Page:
Scotland felt the effects of some extreme winter weather in the past week as high winds and heavy rain battered the country. 
Severe weather events like this, which are happening more frequently as our climate changes, can have a serious impact on historic buildings, making them less wind and watertight and increasing vulnerability to decay.

Historic Environment Scotland (HES) is harnessing the use of innovative science and technology to help better understand these risks, and inform conservation works to protect historic buildings from the impacts of climate change
Recently, scientists at HES have been applying these techniques to Broughty Castle in Dundee, which is cared for by HES. 

The castle – the ‘strong point on the Tay’ – was built in 1490 to defend Scotland against a gathering English navy. It now houses a museum run by Leisure and Culture Dundee with exhibitions on the life and times of Broughty Ferry, its people and surrounding environment. 

HeraldScotland: Historic sites like Broughty Castle in Dundee are increasingly vulnerable to extreme weather eventsHistoric sites like Broughty Castle in Dundee are increasingly vulnerable to extreme weather events

However, its once strategically important location, on a rocky promontory at the mouth of the river, now leaves it highly exposed to the elements.

Using infrared thermography, which involves the use of a thermal camera which takes readings of infrared radiation, the team were able to record temperature differences of surfaces within the castle, which can offer clues about a wider variety of building conditions including areas of heat loss, dampness, and where insulation might not be working properly.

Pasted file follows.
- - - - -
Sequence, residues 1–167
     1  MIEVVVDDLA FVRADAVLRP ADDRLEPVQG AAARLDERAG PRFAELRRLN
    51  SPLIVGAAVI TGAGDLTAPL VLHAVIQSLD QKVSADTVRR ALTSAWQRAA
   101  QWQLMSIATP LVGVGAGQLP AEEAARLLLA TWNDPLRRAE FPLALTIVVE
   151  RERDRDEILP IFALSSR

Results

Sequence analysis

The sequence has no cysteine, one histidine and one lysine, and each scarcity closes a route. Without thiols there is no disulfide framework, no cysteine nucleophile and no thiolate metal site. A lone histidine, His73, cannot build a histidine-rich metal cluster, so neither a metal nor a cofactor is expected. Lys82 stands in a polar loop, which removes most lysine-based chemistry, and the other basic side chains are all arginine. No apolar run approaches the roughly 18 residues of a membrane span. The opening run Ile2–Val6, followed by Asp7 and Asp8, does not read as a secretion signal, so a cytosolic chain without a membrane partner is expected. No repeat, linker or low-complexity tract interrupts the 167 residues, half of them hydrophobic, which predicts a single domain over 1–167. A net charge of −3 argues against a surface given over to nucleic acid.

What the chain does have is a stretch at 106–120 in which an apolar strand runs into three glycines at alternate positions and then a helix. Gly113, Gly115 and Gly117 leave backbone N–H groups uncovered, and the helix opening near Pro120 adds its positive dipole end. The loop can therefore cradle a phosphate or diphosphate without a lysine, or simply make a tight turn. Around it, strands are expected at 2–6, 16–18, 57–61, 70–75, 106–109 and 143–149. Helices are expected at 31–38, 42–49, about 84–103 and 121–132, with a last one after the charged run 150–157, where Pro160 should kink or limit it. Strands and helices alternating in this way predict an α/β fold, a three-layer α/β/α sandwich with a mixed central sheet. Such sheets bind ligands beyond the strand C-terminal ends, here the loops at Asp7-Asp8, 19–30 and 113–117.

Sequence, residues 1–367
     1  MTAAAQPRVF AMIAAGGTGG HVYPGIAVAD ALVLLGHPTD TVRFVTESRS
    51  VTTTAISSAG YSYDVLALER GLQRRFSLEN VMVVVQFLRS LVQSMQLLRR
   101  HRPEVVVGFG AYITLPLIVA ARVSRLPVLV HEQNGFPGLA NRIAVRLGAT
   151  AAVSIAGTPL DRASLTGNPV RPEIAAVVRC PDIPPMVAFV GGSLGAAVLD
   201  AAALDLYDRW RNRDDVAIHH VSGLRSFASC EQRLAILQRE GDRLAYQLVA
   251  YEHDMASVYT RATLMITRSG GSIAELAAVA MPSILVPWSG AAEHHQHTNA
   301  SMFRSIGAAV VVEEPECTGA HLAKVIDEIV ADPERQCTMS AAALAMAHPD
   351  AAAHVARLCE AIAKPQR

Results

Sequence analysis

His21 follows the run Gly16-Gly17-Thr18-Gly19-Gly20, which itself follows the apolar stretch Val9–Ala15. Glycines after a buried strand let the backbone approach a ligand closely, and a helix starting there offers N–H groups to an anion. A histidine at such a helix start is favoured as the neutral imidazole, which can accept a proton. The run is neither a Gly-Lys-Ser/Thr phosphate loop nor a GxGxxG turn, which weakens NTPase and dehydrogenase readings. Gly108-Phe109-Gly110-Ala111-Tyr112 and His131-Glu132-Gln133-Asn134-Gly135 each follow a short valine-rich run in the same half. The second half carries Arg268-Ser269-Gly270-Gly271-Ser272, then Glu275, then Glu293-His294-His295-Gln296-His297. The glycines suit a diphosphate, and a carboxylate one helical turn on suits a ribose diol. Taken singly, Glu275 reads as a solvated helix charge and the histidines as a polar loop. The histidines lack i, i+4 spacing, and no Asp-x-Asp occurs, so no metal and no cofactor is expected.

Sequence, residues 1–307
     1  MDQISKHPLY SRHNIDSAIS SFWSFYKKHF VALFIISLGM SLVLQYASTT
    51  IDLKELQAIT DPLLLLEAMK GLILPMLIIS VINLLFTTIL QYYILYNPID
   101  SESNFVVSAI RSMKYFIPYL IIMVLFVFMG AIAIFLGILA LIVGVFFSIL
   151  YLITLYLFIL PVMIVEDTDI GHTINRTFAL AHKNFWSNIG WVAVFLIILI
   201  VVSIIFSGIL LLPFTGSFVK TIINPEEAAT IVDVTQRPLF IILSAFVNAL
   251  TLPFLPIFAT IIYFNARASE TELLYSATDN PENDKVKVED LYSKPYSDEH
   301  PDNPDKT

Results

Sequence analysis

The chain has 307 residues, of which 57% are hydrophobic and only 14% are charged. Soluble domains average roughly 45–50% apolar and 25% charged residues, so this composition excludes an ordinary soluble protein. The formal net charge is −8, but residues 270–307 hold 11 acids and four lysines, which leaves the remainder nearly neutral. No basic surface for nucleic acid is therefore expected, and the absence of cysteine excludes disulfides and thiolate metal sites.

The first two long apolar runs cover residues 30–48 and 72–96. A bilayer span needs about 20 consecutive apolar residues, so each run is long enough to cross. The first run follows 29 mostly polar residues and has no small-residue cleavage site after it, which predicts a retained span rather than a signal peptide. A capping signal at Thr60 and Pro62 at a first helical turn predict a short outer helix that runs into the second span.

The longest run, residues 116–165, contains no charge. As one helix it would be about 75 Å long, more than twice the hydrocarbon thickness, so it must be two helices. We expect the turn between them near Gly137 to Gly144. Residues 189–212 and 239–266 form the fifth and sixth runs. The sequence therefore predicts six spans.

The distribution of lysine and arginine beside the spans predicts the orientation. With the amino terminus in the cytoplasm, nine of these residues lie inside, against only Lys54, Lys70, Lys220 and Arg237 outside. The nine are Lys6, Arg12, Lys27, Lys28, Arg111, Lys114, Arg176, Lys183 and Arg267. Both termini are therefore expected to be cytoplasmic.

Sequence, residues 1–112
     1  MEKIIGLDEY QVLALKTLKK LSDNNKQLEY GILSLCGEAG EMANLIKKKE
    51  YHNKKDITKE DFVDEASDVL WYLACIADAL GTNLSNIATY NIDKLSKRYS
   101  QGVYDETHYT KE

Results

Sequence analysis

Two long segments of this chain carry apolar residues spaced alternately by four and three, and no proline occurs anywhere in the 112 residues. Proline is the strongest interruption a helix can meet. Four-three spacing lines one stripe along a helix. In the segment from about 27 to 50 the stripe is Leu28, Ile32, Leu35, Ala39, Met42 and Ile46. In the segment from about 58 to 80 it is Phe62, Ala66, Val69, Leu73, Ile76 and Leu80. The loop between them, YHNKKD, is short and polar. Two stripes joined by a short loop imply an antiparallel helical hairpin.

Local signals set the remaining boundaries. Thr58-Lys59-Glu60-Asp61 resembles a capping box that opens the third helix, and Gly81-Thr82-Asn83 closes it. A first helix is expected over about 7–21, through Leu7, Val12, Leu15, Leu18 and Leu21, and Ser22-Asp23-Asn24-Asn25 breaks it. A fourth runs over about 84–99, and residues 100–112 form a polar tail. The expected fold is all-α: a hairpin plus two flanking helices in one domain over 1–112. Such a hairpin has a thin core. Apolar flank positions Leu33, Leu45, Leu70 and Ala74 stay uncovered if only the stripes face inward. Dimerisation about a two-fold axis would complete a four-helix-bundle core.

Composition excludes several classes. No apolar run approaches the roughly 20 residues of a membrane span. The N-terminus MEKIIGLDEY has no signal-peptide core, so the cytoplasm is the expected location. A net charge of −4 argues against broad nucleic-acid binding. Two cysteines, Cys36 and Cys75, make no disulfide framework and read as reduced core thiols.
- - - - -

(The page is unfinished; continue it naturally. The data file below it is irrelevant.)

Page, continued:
The team also undertook a microwave moisture survey of the building, which uses a sensor to map the moisture content of different walls and surfaces and indicate areas of saturation.

Aurélie Turmel, Conservation Science Manager at HES, said: 
“By combining the datasets from both these survey methods, we will be able to identify any areas of water entry to the site, and gain insight in to how the water may be moving throughout the building.
“The findings from this survey will play a crucial role in the management and maintenance of Broughty Castle, as it will help us to effectively identify where the site is vulnerable to water ingress, and direct conservation efforts to mitigate the impacts of increased rainfall.

“As we continue to keenly feel the impacts of climate change here in Scotland, including increased frequency and intensity of heavy rainfall, it’s exciting to be able to use cutting-edge technology to such valuable effect and help protect our precious historic sites for future generations,” she said.